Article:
Homicidal Holidays: 10 Christmas-themed Mysteries
Spooky season is over, and cozy season is upon us. And it just doesn’t get any cozier than curling up under a blanket with a cup of tea while the fire crackles and the tree twinkles. Unless, that is, you’re also reading a Christmas-themed mystery.
It may be the season of good cheer, fellowship, and tidings of great joy, but the proliferation of Christmas-themed mysteries proves that the holidays cause many of us to turn our thoughts to homicide.
Perhaps it was Agatha Christie who caused us to correlate Christmas with mystery. She published a new book at Christmastime for so many years that the public grew to expect “A Christie for Christmas.”
While not every “Christie for Christmas” was set during the holidays, today there is no shortage of mystery novels with Christmas settings. If you’ve always dreamed of spending Christmas in a remote country house, check out a few of my favorites.
Murder for Christmas
This classic British country house mystery was originally published in 1949, but found new life a few years ago when it was reissued with this beautiful new cover. The cover caught my eye and I knew it would be the perfect book to read over the holiday season. If you love Hercule Poirot, then you’ll enjoy Francis Duncan’s Mordecai Tremaine—a retired tobacconist with a secret love of romantic novels.
A Christmas Party
A Christmas gathering at a family’s country home goes awry in this cozy traditional mystery by Georgette Heyer. A Christmas Party hits all the notes—a cranky family patriarch, quirky relatives, a snowy country manor, a budding romance. You can almost smell the mulled wine and plum pudding. This is a favorite that I reread every year.
The Mistletoe Murder
& Other Stories
This collection of short stories by P. D. James includes two Christmas stories—”The Mistletoe Murder” and “The Twelve Clues of Christmas.” In the title story, a mystery writer reminisces about a murder she was involved with 50 years before. “The Twelve Clues of Christmas” is a classic Christie-esque mystery featuring James’s sleuth Adam Dalgliesh. These stories will remind you why P. D. James was truly a master of the short mystery story.
Murder at an Irish Christmas
Spending Christmas in Ireland is high on my bucket list, so Murder at an Irish Christmas definitely appealed to me. When a snowstorm strands two soon-to-be-related Irish families in a remote cliffside farmhouse in West Cork, it isn’t long before one of them is murdered. O’Connor’s sleuth, Siobhán O’Sullivan, must uncover the murderer in their midst before any more family members fall victim.
Hercule Poirot’s Christmas
The owner of a diamond mine summons Poirot to his family home just before Christmas and suggests that someone in his family might be plotting against him. When he is found murdered, alone in a locked room, Poirot must uncover which member of the family is not what they seem. If you enjoy the book, check out the TV adaptation on season six of Poirot, streaming on BritBox. (But be warned: this book includes one of Agatha Christie’s most un-cozy murders.)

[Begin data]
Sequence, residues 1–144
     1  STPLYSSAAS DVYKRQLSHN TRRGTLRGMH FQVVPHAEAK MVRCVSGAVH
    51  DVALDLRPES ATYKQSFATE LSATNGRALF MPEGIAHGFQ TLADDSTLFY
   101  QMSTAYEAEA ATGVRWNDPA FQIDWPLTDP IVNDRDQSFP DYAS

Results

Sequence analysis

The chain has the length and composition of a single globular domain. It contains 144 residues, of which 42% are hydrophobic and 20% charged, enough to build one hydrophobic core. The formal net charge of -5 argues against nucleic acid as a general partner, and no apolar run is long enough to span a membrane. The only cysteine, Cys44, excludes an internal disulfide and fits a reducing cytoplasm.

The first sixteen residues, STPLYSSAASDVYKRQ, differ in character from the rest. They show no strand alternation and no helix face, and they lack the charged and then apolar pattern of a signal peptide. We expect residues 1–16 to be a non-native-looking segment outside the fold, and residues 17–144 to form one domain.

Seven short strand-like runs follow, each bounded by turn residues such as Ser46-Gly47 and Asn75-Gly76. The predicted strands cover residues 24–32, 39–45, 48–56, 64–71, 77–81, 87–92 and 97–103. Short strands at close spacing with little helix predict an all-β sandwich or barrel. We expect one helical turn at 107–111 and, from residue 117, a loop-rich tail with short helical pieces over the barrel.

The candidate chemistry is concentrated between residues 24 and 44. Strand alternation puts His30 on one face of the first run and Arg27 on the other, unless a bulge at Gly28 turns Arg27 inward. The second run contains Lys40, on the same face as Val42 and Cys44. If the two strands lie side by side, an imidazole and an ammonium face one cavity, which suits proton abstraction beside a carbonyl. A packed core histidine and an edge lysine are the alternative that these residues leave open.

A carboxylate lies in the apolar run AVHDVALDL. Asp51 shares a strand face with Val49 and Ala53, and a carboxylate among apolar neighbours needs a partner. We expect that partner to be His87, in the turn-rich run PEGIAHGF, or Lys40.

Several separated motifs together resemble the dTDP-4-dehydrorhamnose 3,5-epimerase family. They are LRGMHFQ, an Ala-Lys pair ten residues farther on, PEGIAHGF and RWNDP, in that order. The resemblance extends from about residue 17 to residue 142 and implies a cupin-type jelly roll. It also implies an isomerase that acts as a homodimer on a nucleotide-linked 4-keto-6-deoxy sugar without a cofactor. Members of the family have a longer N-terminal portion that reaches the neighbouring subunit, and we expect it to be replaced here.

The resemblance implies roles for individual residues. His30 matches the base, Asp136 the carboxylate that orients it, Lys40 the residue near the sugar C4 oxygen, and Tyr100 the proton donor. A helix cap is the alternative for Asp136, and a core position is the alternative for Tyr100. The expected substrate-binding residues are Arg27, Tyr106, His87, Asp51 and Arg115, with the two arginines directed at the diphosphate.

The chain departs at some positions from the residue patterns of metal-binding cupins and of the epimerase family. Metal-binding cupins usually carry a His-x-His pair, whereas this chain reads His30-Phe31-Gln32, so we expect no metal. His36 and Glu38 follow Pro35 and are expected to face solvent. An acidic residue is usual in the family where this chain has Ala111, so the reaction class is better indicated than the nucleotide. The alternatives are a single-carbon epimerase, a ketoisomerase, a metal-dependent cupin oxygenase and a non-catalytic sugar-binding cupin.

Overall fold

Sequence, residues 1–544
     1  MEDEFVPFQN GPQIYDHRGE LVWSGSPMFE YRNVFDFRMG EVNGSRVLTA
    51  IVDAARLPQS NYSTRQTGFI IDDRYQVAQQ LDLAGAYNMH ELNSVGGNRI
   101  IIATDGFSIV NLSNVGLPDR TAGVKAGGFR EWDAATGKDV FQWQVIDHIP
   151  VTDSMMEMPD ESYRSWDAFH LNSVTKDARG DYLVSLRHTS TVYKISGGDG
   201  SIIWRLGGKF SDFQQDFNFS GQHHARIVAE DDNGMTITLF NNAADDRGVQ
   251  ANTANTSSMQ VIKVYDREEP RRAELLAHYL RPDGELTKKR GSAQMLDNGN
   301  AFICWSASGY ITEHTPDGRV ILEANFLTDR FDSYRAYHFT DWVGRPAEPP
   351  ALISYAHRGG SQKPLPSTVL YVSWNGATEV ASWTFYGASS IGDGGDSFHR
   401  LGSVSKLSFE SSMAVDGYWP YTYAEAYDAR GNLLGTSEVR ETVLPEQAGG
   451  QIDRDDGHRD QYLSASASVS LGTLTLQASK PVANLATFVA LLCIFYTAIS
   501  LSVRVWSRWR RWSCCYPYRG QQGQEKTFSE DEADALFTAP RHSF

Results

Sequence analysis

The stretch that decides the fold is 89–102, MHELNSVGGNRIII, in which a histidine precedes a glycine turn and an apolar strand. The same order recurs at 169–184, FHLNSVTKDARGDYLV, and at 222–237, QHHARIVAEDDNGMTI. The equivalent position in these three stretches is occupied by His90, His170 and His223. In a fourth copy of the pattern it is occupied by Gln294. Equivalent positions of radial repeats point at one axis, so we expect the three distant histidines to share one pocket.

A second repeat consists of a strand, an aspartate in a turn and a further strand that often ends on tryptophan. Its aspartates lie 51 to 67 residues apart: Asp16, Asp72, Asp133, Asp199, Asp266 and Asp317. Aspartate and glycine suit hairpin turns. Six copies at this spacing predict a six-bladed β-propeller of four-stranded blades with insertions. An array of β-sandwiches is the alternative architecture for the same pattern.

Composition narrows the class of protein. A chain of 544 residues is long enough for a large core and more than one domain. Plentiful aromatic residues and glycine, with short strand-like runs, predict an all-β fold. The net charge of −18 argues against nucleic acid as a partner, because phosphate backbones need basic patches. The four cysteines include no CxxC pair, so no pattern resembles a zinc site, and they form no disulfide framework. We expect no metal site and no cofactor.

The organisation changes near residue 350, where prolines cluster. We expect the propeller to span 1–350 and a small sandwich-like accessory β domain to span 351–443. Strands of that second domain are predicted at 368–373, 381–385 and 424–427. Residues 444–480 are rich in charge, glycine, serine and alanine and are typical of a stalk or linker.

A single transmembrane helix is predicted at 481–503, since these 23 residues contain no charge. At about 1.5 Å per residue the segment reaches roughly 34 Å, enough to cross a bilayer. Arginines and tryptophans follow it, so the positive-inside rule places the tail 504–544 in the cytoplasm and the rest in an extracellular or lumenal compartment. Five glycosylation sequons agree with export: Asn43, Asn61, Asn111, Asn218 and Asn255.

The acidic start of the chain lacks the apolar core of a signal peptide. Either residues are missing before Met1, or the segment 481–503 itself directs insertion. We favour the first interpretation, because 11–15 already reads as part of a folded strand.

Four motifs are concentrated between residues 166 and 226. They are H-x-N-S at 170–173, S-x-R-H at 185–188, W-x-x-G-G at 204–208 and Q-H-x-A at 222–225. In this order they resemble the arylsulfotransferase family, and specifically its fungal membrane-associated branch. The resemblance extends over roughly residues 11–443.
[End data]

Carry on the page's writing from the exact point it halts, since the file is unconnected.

Murder on a Midnight Clear
I really enjoy Sara Rosett’s 1920s mystery series, so I was thrilled to see a Christmas installment. The cast of characters includes a celebrated lawn tennis champion, a fussy scientist studying snowflakes, a persuasive luggage salesman, a famous lady explorer, and the family’s eccentric aunt who has a fondness for the newfangled drinks called cocktails. The guest list alone tells you that this old-fashioned family Christmas is going to be anything but calm and bright.
The Big Book of Christmas Mysteries
This volume brings together a variety of Christmas mysteries from Victorian to contemporary, and includes such characters as Sherlock Holmes, Brother Cadfael, Miss Marple, Hercule Poirot, Ellery Queen, Rumpole of the Bailey, Inspector Morse, Inspector Ghote, A.J. Raffles, and Nero Wolfe. With something for everyone, it’s the perfect book to keep on your coffee table for the season.
Murder Most Festive
Murder Most Festive, set in 1938, is a debut novel with a Golden Age flavor. Complete with a country house, bickering family, and sparkling Christmas setting, it’s the perfect read if you’re looking for a little escapism this holiday season. Or if you need to be reminded that no matter how stressful your family gatherings are, at least they’ve never ended in murder.
Sleep No More: Six Murderous Tales
This collection includes only one Christmas-themed story—”The Murder of Santa Claus” is narrated by a mystery writer who admits from the beginning that he is “no P. D. James.” However, he continues to tell his story, which took place during the “heyday of the cosy ‘whodunnits,’ the Christmas of 1939.” Like “The Twelve Clues of Christmas” from The Mistletoe Murder, this story has a very Christie-esque flavor, but with the spice that only P. D. James could add.
What are you reading this Christmas?
Do you enjoy a good holiday whodunnit,
or do you prefer yours without homicide?